Convention Cooperative Program
Of late, the general performance of, and the attitude of some pastors and churches towards the Nigerian Baptist Convention Cooperative Program (hereinafter referred to as “the CP”) has been a source of concern to many. Admittedly, there had never been a year where the income is less than that of the preceding year, the increase in recent times had been somewhat inconsequential, at a pace that was far below the rate of inflation. Apart from this, there is a growing list of churches, viable churches that contribute tokens or do not even contribute anything at all to the CP. Many a times, even the token contribution is made at the end of the year when they know that the Financial Report and the Honour Roll is about to be published.
The natural consequence of the above scenario is a gradual reduction in the quality of and the magnitude of ministry care that the convention is collectively able to deliver. It has also unwittingly ensured that visionary plans for projects which are capable of adding real value to the Convention’s collective dreams, are decimated due to inadequate funds.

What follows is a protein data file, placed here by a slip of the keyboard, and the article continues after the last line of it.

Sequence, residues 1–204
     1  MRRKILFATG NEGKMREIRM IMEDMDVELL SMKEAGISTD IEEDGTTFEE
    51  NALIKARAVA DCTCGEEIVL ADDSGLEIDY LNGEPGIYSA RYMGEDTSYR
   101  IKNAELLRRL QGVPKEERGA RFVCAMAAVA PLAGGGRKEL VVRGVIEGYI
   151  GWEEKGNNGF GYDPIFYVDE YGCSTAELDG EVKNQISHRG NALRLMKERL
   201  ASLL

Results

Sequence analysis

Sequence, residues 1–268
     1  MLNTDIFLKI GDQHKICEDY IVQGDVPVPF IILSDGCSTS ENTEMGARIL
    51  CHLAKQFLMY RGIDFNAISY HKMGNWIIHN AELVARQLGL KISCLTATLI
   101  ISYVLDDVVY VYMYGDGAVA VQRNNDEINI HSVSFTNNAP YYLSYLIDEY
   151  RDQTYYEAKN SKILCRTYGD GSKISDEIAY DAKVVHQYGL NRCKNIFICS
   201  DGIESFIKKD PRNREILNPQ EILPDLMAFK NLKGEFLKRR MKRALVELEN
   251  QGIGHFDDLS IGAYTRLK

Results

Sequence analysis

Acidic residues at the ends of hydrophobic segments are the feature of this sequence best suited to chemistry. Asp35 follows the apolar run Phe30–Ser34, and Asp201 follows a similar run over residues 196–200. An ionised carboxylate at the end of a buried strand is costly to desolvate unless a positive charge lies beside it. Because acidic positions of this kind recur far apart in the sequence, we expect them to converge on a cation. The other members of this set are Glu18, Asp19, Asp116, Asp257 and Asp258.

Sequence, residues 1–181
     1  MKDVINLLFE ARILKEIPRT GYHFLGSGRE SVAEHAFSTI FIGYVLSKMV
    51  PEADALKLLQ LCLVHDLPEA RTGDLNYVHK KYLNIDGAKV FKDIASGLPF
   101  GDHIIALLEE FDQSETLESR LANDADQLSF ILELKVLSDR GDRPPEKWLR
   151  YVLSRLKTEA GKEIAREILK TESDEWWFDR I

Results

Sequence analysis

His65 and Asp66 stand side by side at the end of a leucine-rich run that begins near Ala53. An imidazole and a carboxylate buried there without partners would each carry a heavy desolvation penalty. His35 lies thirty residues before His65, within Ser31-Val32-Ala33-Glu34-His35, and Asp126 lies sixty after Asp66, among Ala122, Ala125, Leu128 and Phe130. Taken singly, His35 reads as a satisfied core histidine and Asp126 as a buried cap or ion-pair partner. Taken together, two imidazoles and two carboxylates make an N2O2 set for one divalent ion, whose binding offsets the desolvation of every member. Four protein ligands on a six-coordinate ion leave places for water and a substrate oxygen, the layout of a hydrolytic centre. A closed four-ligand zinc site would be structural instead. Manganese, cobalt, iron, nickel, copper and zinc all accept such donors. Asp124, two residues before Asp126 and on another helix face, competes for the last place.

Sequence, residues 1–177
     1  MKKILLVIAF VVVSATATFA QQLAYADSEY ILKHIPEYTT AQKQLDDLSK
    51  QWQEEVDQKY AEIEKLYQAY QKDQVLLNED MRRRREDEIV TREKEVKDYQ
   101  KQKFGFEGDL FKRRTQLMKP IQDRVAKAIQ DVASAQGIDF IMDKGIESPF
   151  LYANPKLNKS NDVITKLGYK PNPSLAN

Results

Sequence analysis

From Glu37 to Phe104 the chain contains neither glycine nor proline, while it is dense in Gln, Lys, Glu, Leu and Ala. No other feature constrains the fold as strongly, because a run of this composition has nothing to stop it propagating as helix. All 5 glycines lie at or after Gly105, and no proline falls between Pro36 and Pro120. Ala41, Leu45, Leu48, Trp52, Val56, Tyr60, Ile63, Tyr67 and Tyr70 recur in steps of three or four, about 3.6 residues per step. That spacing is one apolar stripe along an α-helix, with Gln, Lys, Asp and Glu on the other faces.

At this rate, given the pivotal role of finance in an organization, the future portends gloom and is at the edge of a precipice unless an urgent action is taken. Thus, it is thought that if the Convention will be in a position to meet her future obligations and challenges, the time to sound the alarm and make a wake up call is NOW If we are to stem the tide of a drift towards a possible disintegration through nonchalance, this introspective discuss is of great importance and significance.
The purpose of this paper, therefore, is to explain what the CP is all about, how it works, how the money is utilized, why some are unfaithful to or are totally unconcerned about the CP, what the Convention does for the churches and the imperative of our involvement, commitment and faithfulness to the CP and its sustainability.
WHAT IS THE COOPERATIVE PROGRAM?